As we have already noted, cancer is a complex set of

diseases, presenting itself in different stages, taking a

variety of clinical courses, and treated by diverse methods.









Thus the coping challenges confronting patients can vary

greatly.

On the physical plane cancer often entails an enormous

burden. The threat of death itself is present for many

patients (approximately 60%, across sites, eventually die of

their disease). Even those for whom the prognosis is

relatively good can be very concerned about the possibility

of dying. Though pain is usually well controlled today

through medications and other means, many patients will

experience acute and/or chronic pain at some juncture in the

illness, and almost all patients fear the possibility of

unrelieved pain. Physical disfigurement is an unfortunate

by-product of many treatments. Consider for example,

patients undergoing mastectomies, limb amputations,

operations in the head and neck region, or other major

surgeries. Chemotherapy and radiation therapy can be

accompanied by unpleasant, and sometimes quite disabling,

side-effects. These include nausea, vomiting, anorexia,

alopecia, fatigue, weakness, and other symptoms. Depending

on the site of the disease and the treatments necessary,

physical capacities such as speech, physical mobility,

bladder and bowel function, sexual functioning, and sensory

capacities can be compromised or altered. Beyond the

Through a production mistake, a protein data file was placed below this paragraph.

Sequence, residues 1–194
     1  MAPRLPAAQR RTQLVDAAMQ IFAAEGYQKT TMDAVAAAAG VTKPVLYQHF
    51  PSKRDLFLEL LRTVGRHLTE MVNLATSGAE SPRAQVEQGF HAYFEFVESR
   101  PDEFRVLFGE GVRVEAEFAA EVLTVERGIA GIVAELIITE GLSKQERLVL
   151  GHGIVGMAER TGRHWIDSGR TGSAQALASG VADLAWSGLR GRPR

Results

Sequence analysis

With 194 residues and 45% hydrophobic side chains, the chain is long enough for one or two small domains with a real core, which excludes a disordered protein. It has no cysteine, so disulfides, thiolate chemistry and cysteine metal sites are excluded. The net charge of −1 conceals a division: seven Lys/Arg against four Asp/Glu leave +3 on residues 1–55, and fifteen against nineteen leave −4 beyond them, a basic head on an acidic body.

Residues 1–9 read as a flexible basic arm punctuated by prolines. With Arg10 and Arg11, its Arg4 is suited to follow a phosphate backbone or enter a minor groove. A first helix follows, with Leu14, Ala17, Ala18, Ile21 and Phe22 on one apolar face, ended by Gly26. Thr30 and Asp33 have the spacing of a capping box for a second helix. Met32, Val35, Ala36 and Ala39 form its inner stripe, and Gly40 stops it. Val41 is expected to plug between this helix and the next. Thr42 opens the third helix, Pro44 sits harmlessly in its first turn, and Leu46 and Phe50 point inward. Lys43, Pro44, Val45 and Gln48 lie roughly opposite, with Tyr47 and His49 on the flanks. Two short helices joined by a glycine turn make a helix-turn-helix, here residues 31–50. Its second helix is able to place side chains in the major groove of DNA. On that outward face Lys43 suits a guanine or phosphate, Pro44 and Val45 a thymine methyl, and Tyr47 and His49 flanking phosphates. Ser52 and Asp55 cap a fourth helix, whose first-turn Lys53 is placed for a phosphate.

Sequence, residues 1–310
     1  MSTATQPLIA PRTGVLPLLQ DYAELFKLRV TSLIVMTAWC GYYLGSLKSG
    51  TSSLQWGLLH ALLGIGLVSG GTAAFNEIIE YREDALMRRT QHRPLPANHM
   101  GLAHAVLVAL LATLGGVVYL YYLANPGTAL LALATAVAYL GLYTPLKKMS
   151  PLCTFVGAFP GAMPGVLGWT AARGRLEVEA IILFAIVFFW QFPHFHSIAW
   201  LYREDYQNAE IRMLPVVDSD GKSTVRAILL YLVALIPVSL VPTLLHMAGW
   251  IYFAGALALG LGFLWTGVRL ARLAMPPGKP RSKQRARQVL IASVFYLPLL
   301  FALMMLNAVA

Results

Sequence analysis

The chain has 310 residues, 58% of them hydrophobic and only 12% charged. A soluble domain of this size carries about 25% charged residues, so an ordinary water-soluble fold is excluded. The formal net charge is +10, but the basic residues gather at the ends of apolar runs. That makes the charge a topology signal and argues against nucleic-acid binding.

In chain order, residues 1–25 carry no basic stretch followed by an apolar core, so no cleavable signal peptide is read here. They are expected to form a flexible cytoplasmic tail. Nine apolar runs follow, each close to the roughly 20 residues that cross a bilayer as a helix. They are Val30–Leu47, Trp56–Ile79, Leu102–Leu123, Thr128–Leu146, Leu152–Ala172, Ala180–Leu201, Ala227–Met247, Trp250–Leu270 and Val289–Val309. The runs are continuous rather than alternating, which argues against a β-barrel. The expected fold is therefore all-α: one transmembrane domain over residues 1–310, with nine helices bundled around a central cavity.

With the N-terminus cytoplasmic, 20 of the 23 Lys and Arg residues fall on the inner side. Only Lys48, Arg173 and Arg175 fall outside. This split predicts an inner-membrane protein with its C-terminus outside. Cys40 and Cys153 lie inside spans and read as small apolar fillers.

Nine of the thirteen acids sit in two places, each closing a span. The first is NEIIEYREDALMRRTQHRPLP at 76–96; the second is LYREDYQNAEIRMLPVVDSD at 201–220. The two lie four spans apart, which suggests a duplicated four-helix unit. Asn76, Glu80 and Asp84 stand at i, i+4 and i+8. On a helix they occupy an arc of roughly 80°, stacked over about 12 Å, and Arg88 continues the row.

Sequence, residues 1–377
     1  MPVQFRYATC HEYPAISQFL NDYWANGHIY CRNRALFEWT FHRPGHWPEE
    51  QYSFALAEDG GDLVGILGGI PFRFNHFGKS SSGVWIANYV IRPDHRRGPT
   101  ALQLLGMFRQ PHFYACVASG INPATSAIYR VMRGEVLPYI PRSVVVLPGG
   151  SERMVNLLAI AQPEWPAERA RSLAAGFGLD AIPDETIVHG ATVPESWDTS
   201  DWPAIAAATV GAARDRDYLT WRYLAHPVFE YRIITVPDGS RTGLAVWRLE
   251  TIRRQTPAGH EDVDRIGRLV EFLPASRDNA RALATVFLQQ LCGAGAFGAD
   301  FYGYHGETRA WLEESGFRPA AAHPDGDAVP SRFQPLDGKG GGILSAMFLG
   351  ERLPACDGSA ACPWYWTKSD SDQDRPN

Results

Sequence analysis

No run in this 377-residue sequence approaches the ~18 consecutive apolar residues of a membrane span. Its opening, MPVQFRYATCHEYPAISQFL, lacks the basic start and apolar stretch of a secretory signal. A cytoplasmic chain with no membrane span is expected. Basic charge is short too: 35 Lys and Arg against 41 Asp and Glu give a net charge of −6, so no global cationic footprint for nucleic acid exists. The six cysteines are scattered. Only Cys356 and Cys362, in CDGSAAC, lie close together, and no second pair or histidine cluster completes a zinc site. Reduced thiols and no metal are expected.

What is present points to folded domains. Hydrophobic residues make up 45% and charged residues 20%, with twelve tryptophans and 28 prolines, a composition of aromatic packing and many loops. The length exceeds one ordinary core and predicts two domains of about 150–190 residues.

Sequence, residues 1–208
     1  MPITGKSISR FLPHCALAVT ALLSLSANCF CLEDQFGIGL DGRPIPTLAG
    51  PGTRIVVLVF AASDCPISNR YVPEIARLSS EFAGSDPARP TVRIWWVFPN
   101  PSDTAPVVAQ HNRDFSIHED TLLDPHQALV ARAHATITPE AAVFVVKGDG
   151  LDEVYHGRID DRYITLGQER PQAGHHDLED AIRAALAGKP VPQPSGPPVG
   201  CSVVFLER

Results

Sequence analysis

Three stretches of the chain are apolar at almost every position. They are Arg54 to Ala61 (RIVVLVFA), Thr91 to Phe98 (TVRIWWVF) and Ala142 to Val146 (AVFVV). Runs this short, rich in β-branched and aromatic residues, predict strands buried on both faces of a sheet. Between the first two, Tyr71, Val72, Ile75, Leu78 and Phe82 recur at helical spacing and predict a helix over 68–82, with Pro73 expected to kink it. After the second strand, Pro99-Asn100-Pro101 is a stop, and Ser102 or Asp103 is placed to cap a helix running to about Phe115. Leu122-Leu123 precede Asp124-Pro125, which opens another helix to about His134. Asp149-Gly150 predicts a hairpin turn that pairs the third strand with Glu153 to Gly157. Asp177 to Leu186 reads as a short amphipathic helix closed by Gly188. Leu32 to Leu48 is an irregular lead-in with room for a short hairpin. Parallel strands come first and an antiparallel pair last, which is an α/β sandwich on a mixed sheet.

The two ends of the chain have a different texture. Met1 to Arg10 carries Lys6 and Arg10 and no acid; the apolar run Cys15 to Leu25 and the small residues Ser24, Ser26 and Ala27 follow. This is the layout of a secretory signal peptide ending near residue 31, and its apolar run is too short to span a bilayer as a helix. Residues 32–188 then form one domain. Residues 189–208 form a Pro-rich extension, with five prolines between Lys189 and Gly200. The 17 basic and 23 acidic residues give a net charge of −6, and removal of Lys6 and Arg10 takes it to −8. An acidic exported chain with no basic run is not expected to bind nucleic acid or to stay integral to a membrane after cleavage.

physical assault, cancer, like other chronic diseases, may

entail lengthy hospital stays, enforced dependence,







separation from one's normal environment and social milieu,

and repeated interactions with medical personnel and

institutions. Vocational, educational, and/or avocational

pursuits may be interrupted or halted altogether. And not

least of the patient's worries is the financial burden

presented by catastrophic illness. This list could be ex-

tended, but suffice it to say that bearing cancer is usually

an arduous and stressful task, taxing the coping resources

of patient and family alike.

Given this state of affairs, how do individuals respond

psychologically and what psychological interventions can be

helpful in preventing or ameliorating these problems?

Essentially, these are the broad questions which

psychosocial researchers have begun to investigate. We

shall discuss several studies dealing with each domain:

impact of the disease and psychological interventions.

Emotional Impact of the Disease

The emotional morbidity of cancer patients has been

investigated by numerous researchers. Craig and Abeloff

(1974), for instance, found that, on the basis of the Self-

Report of Symptoms Inventory (SCL-90), 50% of leukemia and

lymphoma patients surveyed were depressed, and 30% were

anxious. However, Worden and Weisman (1977) reported that

among 40 newly diagnosed breast cancer patients only 20%

reported being depressed (based on the MMPI, the Profile of

Mood States pomsS), and clinical ratings). When cancer








patients are compared to other goups (e.g., other medical

patients, healthy subjects, psychiatric samples, etc.),

results are mixed. For instance, Koenig et al. (1967) found